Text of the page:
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The Appalachian

The Student News Site of Appalachian State University

The Appalachian

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The Appalachian

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State Farm Fields benched for two years

Located+behind+the+parking+lot%2C+the+State+Farm+Fields+begins+construction.+Photo+by+Emma+Kovasckitz.
Located behind the parking lot, the State Farm Fields begins construction. Photo by Emma Kovasckitz.

State Farm Fields will undergo multiple renovations that will improve the fields for the benefit of students in the coming years.

State Farm Fields, once a farm that was used primarily for dairy and feeding the students of Appalachian State, now serves as athletic fields for students who participate in intramural and club sports offered through University Recreation.

Director of University Recreation Joe Carter said that Club teams, such as men and women’s Rugby, men’s and women’s Lacrosse,and men’s and women’s Soccer, will not be affected by these renovations since they will be using the already renovated lower fields and game fields on the northern side of the river.

According to Carter, the fields lie within a floodway, so no other buildings or factories can be built within the floodway. He said the first of the two projects is the Stream Bank Renovation project.

This project includes intentional rock placement in the stream, folding the river banks back to help with erosion, planting of native plants, wetlands enhancement, relocating sections of the Greenway Trail, and the overall improvement of water quality for the stream.

The project is funded by the U.S. Army Corps of Engineers, Clean Water Committee, Town of Boone and Appalachian State. The first project is estimated to be completed by early October.

The second project is the Field Project. Carter said the approval of the Stream Bank project provided an opportunity for a partnership to move forward and make use of the materials from Stream Bank project.

Next week the university will begin underground trenching for new lights.

“We would get about two foot of candlelight from our old light posts,” Director of University Recreation Joe Carter said. “Very inadequate.”

Carter said that in the early 2000s, the fields on the northern side of the river were renovated to allow better drainage from rain water. The field was primarily used for holding club sport’s games and matches.

“I came down the first night of games and I realized ‘Hey, we don’t even have Porta-Johns down here,” Carter said. Soon after this restroom facilities were built for student use.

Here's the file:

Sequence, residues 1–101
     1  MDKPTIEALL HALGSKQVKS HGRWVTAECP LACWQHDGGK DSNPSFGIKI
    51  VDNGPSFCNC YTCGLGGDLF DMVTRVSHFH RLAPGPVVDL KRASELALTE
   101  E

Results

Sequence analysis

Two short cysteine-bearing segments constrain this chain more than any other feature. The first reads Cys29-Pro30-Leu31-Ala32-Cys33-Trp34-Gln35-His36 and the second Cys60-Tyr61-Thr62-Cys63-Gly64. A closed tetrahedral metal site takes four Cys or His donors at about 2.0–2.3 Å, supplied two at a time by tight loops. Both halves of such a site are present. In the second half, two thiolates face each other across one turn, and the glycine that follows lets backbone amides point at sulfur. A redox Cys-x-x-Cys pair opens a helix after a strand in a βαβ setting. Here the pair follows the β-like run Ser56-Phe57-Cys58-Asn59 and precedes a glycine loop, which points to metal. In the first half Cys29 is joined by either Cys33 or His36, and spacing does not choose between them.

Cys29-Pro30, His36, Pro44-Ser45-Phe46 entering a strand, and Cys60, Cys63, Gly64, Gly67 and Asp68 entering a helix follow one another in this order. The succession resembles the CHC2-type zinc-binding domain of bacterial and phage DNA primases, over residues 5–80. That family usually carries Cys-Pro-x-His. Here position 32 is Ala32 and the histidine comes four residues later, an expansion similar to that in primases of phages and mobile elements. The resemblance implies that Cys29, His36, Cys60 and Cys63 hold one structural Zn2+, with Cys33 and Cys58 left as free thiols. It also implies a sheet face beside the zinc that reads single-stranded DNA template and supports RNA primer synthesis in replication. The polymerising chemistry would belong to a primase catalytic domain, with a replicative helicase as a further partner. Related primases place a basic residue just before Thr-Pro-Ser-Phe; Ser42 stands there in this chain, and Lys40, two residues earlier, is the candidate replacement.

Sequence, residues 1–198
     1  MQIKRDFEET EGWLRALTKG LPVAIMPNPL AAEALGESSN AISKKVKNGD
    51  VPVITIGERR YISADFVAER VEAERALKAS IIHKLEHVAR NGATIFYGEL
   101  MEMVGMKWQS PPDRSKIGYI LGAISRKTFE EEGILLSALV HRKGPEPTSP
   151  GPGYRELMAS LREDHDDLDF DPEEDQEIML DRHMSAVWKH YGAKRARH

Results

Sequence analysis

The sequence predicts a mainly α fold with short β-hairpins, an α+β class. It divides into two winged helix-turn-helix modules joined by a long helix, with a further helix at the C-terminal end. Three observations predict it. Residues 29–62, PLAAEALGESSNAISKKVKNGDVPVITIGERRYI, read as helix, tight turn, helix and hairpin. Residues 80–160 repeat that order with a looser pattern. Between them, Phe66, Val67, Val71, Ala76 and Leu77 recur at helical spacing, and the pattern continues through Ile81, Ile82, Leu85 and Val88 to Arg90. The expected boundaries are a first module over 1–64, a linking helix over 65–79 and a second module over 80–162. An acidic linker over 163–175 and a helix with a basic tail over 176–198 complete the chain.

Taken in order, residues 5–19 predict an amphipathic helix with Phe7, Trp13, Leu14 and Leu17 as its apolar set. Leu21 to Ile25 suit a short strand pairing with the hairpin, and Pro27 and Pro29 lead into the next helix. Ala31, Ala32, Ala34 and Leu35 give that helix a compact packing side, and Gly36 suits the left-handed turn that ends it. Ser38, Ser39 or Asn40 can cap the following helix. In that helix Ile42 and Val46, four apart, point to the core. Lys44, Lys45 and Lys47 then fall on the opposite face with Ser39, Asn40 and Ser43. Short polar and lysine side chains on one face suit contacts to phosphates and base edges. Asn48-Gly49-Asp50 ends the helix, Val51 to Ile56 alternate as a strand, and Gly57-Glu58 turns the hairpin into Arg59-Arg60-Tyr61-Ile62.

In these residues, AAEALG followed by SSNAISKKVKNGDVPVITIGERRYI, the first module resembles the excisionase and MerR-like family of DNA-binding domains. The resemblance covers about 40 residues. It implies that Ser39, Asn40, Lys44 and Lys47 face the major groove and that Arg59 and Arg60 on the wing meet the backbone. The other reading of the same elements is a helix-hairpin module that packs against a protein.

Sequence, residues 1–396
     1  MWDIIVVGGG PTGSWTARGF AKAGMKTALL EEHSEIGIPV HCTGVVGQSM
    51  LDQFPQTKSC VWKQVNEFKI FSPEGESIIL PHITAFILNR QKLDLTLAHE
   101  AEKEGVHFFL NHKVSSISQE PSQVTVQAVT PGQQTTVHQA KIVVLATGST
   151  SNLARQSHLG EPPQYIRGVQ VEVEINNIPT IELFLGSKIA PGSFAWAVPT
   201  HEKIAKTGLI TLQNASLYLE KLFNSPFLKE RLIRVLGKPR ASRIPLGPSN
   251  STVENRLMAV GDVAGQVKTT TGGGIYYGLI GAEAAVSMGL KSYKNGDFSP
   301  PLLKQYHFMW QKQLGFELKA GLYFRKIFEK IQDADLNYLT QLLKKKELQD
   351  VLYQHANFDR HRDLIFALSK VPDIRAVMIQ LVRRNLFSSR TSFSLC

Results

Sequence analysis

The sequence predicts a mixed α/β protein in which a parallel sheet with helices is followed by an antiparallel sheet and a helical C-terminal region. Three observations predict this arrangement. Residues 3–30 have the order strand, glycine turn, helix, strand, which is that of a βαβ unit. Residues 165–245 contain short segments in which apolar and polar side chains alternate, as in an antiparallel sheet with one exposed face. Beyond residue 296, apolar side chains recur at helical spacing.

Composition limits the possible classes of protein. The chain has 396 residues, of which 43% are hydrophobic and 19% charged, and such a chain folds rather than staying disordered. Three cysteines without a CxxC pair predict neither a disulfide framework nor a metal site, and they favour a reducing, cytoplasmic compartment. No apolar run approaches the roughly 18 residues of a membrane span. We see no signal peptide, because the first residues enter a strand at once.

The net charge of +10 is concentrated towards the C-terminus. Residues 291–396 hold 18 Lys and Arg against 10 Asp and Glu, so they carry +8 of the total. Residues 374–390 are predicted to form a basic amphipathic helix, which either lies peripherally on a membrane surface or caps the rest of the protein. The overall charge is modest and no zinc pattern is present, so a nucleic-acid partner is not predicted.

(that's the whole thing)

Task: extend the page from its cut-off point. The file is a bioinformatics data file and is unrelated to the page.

Carter said the upper field will undergo similar renovations that will allow better drainage of standing rainwater, better lighting, and six acres used for club and intramural sports

According to him, the estimated time for completion of these renovations is Sept. 7, 2015, however, there will be a 16-18 month period of non-scheduling on the field to allow for the grass to take root. The university will be using Kentucky Blue Grass for this operation. This is a similar grass that acts and feels almost like turf.

“We live in an area that requires cool weather grass, not the Bermuda grass one might see in the state of Georgia or South Carolina,” Carter said. “We will put a temporary construction fence to loop around the outside of the field keep people off the sprinkler lines as well as eliminate wear-paths.”

Carter said that Club teams, such as men and women’s Rugby, men’s and women’s Lacrosse,and men’s and women’s Soccer, will not be affected by these renovations since they will be using the already renovated lower fields and game fields on the northern side of the river.

Assistant Director for Intramural and Club Sports Erin Sanders said that no club sports will be entirely canceled due to the improvements to the fields. Club sports that use the fields will be shifted to new locations and adapted while the upper fields are closed.

Carter said that due to limited space and the inability to acquire alternate fields, intramural sports will offer alternative sports such as five-versus-five basketball and indoor soccer to replace sports such as soccer and flag football.

The current field renovations are projected to cost around $700,000, Carter said, and will primarily be paid for by general student tuition. This budget was approved by the Assistant Vice Chancellor of Financing and Operations Matthew Dull.

“This project is long overdue and once completed students will see fewer cancellations due to wet fields,” Carter said.

Story by  Samuel Ingles, Intern News Reporter

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